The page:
Across the nation, states are trying to cope with ever-increasing Medicaid budgets. Oklahoma is not immune to this challenge.
According to the state’s Comprehensive Annual Financial Report (CAFR), state spending on Medicaid is devouring more and more of the state budget. According to pages 164-165 of the CAFR, in FY-2005 spending on education totaled $3.534 billion and made up 30.13 percent of total state spending. State spending on health services (mostly Medicaid) totaled $3.144 billion and made up 26.81 percent of total state spending.
Fast forward to FY-2011, and spending on education totaled $4.572 billion and made up 27.47 percent of total state spending. State spending on health services (mostly Medicaid) totaled $4.851 billion and made up 29.15 percent of total state spending. So according to the CAFR:
- Total state spending on education has grown 29.4 percent in six years, yet
- Total state spending on health services has grown 54.3 percent in six years.
According to the CAFR, total state spending at the Oklahoma Health Care Authority (OHCA), the state’s primary Medicaid agency, is $4.413 billion. This surpasses total state spending by the state Department of Education (common education) and Higher Education combined, which is $4.270 billion.
A review of OHCA statistical information reveals that in August 2001 total Medicaid enrollment (eligibility) was 449,860. Total Medicaid enrollment for July 2012 was 797,753, an increase of 347,893 or 77.33 percent. According to the OHCA FY-2011 Annual Report, for FY-2011 there were 968,296 unduplicated members enrolled in Medicaid in Oklahoma. According to the OHCA, Medicaid covers approximately 64 percent of births in Oklahoma and at least 30 percent of the population in 30 counties.
Clearly, the state should not expand an exploding entitlement program. Rather, it should focus solely on reforming the current program, as suggested in an Oklahoman editorial last week:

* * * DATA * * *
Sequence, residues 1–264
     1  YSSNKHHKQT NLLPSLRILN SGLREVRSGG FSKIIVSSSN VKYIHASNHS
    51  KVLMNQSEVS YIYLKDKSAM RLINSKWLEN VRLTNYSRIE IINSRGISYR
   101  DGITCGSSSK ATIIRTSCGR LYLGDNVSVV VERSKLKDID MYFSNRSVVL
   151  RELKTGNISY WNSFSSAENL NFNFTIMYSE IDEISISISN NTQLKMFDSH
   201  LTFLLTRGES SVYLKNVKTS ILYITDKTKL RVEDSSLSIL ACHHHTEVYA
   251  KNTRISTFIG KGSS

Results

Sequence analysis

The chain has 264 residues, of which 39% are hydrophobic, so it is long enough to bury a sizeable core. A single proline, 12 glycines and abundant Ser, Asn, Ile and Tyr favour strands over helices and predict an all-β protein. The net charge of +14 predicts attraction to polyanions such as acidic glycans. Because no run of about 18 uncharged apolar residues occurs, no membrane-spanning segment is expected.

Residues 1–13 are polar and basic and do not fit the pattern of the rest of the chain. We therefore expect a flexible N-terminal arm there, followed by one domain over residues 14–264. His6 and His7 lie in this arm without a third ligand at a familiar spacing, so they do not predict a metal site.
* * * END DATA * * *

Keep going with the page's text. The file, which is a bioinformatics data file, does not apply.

Those who bemoan public school funding cuts need look no further than Medicaid to identify a major cause. In 2011, Oklahoma government expenditures on health services exceeded spending on education. Although the budget for K-12 schools was cut in recent years, the budget for the Oklahoma Health Care Authority, which administers Medicaid, increased.
The trajectory of Oklahoma's Medicaid program is unsustainable. It's grown from $333 million in state appropriations in fiscal year 2000 to $922 million this year. Policymakers are currently considering an expansion of Medicaid; it would be better to make the existing program more effective.
Fortunately, Medicaid reforms pioneered in Florida may provide a way to not only reduce costs, but also improve benefits for the poor. Officials with the Florida Foundation for Government Accountability, a conservative think tank, were in Oklahoma recently to tout this patient-centered approach to saving taxpayer money. …
The Florida reforms were championed by former Gov. Jeb Bush and took effect in five counties in 2006; they are scheduled to go statewide next year. Individuals served through the pilot program reported higher satisfaction than those in traditional Medicaid. More importantly, 64 percent of health outcomes were better for those in the reform pilot. For Florida taxpayers, the Medicaid reforms saved $118 million annually, a sum that could jump to more than $1 billion statewide.
That success shows why Oklahoma lawmakers should take a long, hard look at the Florida model as they grapple with the challenges of Medicaid, especially since these reforms have received support from both the Bush and Obama administrations. Oklahoma's Medicaid spending averages $3,171 per recipient. If our costs were comparable to Florida's reform program, Oklahoma could save more than $700 million per year (in both state and federal dollars).
Those savings could make a big difference for other needs such as schools, roads and public safety, while also giving the poor better medical care.